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The perfect gift: your choice
What do you buy for the birthday honoree who asks for gifts that cost less than $5? When this request arrived via email I ignored it. It sounded too much like the rule of the annual Christmas gag gift party my husband and I go to, except that gift, as well as being cheap, must also be horrid.
Most of us would find the under-$5 request challenging to fulfill. Perhaps a loaf of bread, or this month, a gallon of gas. However, our creative host for this particular birthday party scrounged around in her basement and found not one, but three gifts. Later, she took us on a tour of said basement, so we could put in our requests for our own future, previously-owned birthday presents.
Choosing one’s own gifts — whether in a store or someone’s basement — has always seemed the sensible thing to do for the obvious reason that you get what you want. Even more important, it spares you that uncomfortable moment when you are looking at something you would never choose for yourself and the gift-giver is searching your face for the joyful expression that is not appearing nearly fast enough.
In her hilarious poem, “Gifts that keep on giving,” Marge Piercy catalogs undesirable gifts (and given the size of the list she must have had many bad experiences in gift receiving), starting with the most common unwelcome Christmas offering – fruitcake. She goes on to describe majolica vases “in the shape of wheezing frogs,” “gloves to fit three-toed sloths,” “mufflers of screaming plaid acrylic,” and many more.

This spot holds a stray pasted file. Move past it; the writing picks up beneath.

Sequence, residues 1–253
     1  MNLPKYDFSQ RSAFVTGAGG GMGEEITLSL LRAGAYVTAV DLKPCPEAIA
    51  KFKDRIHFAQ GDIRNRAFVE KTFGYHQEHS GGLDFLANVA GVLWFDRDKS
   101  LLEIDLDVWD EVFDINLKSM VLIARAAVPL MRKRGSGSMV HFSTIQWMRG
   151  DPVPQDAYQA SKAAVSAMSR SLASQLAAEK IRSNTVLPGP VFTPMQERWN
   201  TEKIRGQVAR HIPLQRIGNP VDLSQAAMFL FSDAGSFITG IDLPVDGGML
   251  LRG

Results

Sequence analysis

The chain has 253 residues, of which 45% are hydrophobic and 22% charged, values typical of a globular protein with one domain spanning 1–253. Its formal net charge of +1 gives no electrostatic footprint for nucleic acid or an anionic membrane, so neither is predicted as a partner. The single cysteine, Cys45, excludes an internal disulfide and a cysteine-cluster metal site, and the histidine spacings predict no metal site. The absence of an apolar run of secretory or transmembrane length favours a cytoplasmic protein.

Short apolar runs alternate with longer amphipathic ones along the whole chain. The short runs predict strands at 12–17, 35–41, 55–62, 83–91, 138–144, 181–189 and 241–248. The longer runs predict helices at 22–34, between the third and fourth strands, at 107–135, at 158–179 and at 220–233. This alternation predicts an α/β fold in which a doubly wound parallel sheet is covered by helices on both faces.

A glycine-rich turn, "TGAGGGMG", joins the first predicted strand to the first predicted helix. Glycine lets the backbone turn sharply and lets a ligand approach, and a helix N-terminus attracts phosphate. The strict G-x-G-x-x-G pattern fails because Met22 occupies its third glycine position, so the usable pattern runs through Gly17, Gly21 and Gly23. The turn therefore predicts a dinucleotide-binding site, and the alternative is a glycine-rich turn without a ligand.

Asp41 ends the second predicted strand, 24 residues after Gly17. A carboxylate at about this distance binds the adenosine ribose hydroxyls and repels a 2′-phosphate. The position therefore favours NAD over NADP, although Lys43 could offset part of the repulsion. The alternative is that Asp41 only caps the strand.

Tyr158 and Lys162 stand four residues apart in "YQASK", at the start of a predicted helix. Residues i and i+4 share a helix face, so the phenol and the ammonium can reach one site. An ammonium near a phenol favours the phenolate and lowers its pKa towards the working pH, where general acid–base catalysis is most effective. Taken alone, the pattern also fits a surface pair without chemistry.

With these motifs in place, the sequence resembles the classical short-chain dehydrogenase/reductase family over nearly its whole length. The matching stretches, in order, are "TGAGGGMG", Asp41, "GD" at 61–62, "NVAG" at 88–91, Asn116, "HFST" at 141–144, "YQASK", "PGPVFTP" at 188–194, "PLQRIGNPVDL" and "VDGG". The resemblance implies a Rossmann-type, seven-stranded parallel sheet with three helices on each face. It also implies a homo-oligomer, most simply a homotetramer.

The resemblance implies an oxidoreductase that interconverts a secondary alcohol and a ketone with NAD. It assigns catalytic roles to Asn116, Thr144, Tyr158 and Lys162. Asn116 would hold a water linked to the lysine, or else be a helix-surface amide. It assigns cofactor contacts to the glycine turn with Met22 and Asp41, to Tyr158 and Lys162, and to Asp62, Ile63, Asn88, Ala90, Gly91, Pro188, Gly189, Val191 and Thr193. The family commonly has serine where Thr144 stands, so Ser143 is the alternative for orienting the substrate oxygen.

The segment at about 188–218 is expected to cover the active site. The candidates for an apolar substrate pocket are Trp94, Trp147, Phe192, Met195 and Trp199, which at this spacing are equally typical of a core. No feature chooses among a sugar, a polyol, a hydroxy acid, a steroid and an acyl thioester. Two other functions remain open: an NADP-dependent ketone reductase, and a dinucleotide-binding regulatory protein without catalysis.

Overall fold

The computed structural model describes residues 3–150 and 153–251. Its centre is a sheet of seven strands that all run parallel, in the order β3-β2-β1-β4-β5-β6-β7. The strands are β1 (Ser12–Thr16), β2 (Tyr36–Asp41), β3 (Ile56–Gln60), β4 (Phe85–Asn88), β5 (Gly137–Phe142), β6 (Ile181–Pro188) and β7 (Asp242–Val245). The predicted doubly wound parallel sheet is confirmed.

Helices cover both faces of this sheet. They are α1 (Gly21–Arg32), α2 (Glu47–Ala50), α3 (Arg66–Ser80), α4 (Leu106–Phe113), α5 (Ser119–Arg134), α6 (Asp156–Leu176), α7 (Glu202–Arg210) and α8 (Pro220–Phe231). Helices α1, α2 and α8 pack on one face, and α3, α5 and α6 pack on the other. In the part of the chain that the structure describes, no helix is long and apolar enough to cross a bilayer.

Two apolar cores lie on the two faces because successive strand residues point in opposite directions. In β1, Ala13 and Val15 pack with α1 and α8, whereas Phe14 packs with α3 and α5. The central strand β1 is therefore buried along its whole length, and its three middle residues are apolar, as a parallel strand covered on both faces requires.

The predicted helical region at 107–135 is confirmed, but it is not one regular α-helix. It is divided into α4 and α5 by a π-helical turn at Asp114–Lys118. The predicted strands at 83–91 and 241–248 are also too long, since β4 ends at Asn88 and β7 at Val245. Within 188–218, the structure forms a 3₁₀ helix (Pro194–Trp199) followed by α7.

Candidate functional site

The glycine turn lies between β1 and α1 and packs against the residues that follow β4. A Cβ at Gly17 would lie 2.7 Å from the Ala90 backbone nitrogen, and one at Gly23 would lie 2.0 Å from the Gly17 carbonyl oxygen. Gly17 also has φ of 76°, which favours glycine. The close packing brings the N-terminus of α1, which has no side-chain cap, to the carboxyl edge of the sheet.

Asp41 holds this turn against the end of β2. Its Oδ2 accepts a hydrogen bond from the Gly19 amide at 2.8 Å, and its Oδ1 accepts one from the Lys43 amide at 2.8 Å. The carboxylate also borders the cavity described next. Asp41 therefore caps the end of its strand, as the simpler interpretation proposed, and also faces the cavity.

These days most of us have too much stuff, so buying adults gifts other than the disposable kind (as in, those disposed of by eating) just seems wrong. But opening our closets, drawers and bookshelves to friends and sharing something of ours with them, might be a satisfying way to create enough space in the basement or garage. This allows us to reposition something from the house to one of those sites.
Of course we all have treasures that we aren’t ready to part with. In my case, the shelf of gag gifts we’re saving until December is definitely off-limits.
Ann Oxrieder has lived in Bellevue for 35 years. She retired after 25 years as an administrator in the Bellevue School District and now blogs about retirement at http://stillalife.wordpress.com/.